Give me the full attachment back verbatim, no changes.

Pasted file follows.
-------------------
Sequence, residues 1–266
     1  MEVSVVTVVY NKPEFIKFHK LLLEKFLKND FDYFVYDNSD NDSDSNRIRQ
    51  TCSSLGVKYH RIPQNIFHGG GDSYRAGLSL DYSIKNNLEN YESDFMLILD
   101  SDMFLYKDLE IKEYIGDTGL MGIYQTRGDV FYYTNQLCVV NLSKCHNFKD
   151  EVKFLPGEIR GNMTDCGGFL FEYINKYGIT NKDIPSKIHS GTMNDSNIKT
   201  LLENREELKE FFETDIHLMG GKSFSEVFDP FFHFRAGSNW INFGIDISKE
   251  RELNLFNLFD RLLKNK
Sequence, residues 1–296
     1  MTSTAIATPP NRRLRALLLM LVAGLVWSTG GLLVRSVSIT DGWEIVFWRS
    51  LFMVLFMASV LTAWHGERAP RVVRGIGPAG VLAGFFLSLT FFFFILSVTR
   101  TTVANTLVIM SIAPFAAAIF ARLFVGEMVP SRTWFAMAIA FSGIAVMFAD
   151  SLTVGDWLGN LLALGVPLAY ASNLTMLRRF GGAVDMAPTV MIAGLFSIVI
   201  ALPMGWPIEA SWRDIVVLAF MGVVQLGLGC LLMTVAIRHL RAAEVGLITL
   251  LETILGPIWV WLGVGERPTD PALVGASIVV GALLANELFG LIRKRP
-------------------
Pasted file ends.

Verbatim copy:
Sequence, residues 1–266
     1  MEVSVVTVVY NKPEFIKFHK LLLEKFLKND FDYFVYDNSD NDSDSNRIRQ
    51  TCSSLGVKYH RIPQNIFHGG GDSYRAGLSL DYSIKNNLEN YESDFMLILD
   101  SDMFLYKDLE IKEYIGDTGL MGIYQTRGDV FYYTNQLCVV NLSKCHNFKD
   151  EVKFLPGEIR GNMTDCGGFL FEYINKYGIT NKDIPSKIHS GTMNDSNIKT
   201  LLENREELKE FFETDIHLMG GKSFSEVFDP FFHFRAGSNW INFGIDISKE
   251  RELNLFNLFD RLLKNK
Sequence, residues 1–296
     1  MTSTAIATPP NRRLRALLLM LVAGLVWSTG GLLVRSVSIT DGWEIVFWRS
    51  LFMVLFMASV LTAWHGERAP RVVRGIGPAG VLAGFFLSLT FFFFILSVTR
   101  TTVANTLVIM SIAPFAAAIF ARLFVGEMVP SRTWFAMAIA FSGIAVMFAD
   151  SLTVGDWLGN LLALGVPLAY ASNLTMLRRF GGAVDMAPTV MIAGLFSIVI
   201  ALPMGWPIEA SWRDIVVLAF MGVVQLGLGC LLMTVAIRHL RAAEVGLITL
   251  LETILGPIWV WLGVGERPTD PALVGASIVV GALLANELFG LIRKRP